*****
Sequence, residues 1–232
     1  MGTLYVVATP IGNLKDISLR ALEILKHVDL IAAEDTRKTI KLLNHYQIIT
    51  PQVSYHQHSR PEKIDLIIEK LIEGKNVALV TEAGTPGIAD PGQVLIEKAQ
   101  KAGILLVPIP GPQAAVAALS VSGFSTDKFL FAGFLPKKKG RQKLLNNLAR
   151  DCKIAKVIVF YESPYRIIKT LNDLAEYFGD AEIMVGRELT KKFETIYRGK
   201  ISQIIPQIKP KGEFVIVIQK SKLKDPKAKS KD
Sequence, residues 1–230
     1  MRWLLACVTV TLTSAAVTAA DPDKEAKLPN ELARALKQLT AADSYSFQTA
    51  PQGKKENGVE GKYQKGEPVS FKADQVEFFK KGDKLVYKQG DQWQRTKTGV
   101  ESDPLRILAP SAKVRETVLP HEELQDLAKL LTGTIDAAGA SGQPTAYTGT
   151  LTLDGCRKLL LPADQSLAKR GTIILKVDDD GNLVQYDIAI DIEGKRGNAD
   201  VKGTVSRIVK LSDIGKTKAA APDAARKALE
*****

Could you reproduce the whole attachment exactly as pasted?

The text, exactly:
Sequence, residues 1–232
     1  MGTLYVVATP IGNLKDISLR ALEILKHVDL IAAEDTRKTI KLLNHYQIIT
    51  PQVSYHQHSR PEKIDLIIEK LIEGKNVALV TEAGTPGIAD PGQVLIEKAQ
   101  KAGILLVPIP GPQAAVAALS VSGFSTDKFL FAGFLPKKKG RQKLLNNLAR
   151  DCKIAKVIVF YESPYRIIKT LNDLAEYFGD AEIMVGRELT KKFETIYRGK
   201  ISQIIPQIKP KGEFVIVIQK SKLKDPKAKS KD
Sequence, residues 1–230
     1  MRWLLACVTV TLTSAAVTAA DPDKEAKLPN ELARALKQLT AADSYSFQTA
    51  PQGKKENGVE GKYQKGEPVS FKADQVEFFK KGDKLVYKQG DQWQRTKTGV
   101  ESDPLRILAP SAKVRETVLP HEELQDLAKL LTGTIDAAGA SGQPTAYTGT
   151  LTLDGCRKLL LPADQSLAKR GTIILKVDDD GNLVQYDIAI DIEGKRGNAD
   201  VKGTVSRIVK LSDIGKTKAA APDAARKALE